127. Shaw, R., & Krishnamurthy, R. R. (2009). Disaster management: An overview. In R. Shaw (Ed.), Disaster management: Global challenges & local solution. Hyderabad: University Press India Pvt. Ltd.Google Scholar
  128. Smith, G. (1993). Relief operations and military strategy. In Humanitarianism across borders: Sustaining civilians in times of war. Boulder, CO: Lynne Rienner.Google Scholar
  129. Stallings, A. R. (2002). Weberian sociology and sociological disaster studies. Sociological Forum, 17(2), 281–305.Google Scholar
  130. Stallings, Robert A. (1998). “Disaster and the Theory of Social Order.” Pp. 127-145 in What is a Disaster?. edited by E.L. Quarantelli. New York: Routledge.Google Scholar
  131. Stenchion, P. (1997). Development and disaster management. Australian Journal of Emergency Management, 12(3), 40–44.Google Scholar
  132. Stonich, S. C. (1993). I am destroying the land: The political ecology of poverty and environmental destruction in Honduras. Boulder, CO: Westview Press.Google Scholar
  133. The Johns Hopkins and Red Cross Red Crescent public health guide in emergencies (2nd ed.). (2008). Available at:
  134. Thomalla, F., Downing, T., Spanger-Siegfried, E., Han, G., & Rockström, J. (2006). Reducing hazard vulnerability: Towards a common approach between disaster risk reduction and climate adaptation. Disasters, 30(1), 39–48.CrossRefGoogle Scholar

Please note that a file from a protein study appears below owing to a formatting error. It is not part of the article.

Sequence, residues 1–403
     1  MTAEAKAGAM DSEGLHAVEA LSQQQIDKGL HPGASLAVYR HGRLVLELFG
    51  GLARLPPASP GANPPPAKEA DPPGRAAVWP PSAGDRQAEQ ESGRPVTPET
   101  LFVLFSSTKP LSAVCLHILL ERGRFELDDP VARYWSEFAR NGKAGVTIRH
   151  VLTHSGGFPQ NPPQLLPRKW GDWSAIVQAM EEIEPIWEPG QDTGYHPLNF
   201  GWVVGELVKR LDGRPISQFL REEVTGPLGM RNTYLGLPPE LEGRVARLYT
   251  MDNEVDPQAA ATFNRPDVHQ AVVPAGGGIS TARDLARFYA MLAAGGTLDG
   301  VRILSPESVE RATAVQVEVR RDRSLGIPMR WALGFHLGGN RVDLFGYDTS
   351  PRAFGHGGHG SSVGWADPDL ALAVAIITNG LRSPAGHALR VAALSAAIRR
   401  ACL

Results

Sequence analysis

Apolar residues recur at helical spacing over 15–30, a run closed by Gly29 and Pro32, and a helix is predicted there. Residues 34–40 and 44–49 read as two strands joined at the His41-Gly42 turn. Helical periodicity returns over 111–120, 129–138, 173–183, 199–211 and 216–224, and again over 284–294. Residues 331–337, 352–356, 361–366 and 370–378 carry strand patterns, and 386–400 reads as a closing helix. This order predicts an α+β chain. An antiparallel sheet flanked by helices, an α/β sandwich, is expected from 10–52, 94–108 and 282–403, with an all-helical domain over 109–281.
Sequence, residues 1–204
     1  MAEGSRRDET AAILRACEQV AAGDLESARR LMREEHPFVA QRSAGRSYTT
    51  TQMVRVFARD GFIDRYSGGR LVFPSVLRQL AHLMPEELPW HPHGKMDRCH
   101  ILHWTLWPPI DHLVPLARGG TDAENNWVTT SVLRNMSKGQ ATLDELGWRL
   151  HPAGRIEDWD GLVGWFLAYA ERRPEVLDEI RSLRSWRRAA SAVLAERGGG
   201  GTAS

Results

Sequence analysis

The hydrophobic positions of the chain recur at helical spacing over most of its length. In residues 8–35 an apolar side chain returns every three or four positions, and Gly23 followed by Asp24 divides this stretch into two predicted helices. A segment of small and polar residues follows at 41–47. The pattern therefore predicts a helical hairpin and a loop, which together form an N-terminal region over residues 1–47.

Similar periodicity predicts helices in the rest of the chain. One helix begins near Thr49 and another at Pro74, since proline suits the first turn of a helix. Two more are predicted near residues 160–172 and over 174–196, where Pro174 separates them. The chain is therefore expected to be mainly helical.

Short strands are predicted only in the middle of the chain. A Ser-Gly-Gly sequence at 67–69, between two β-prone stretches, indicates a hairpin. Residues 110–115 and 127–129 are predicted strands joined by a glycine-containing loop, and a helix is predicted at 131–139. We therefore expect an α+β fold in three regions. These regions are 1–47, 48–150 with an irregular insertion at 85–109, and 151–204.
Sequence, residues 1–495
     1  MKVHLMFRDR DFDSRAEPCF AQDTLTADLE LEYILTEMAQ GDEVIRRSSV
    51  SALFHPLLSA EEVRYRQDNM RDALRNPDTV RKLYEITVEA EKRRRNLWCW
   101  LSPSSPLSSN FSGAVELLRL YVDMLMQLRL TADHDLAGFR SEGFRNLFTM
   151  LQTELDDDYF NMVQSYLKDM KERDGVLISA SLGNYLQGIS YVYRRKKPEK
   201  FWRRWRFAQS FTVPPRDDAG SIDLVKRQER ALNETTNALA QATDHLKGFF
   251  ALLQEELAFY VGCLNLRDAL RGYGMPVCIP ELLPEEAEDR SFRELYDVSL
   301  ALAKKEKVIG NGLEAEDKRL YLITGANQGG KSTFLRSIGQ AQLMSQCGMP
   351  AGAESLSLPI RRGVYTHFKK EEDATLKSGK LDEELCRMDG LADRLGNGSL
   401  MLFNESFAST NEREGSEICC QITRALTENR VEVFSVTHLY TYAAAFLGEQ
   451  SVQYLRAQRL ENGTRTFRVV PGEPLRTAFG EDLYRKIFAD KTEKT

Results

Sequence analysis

135. Tierney, K. J. (1999, June). Toward a critical sociology of risk. In Sociological forum (Vol. 14, No. 2, pp. 215–242). USA: Kluwer Academic Publishers-Plenum Publishers.Google Scholar
  136. Tierney, K. J., Lindell, M. K., & Perry, R. W. (2001). Conceptualizing disasters and their impacts. In Facing the unexpected: Disaster preparedness and response in the United States (pp. 1–25). Washington, DC: Joseph Henry Press.Google Scholar
  137. Timms, B. F. (2011). The (mis)use of disaster as opportunity: Coerced relocation from Celaque National Park, Honduras. Antipode, 43(4), 1357–1379.CrossRefGoogle Scholar
  138. Twigg, J. (2008). Disaster management and disaster risk reduction. Lecture at the Institute of Development Studies in Brighton, United Kingdom, May 2.Google Scholar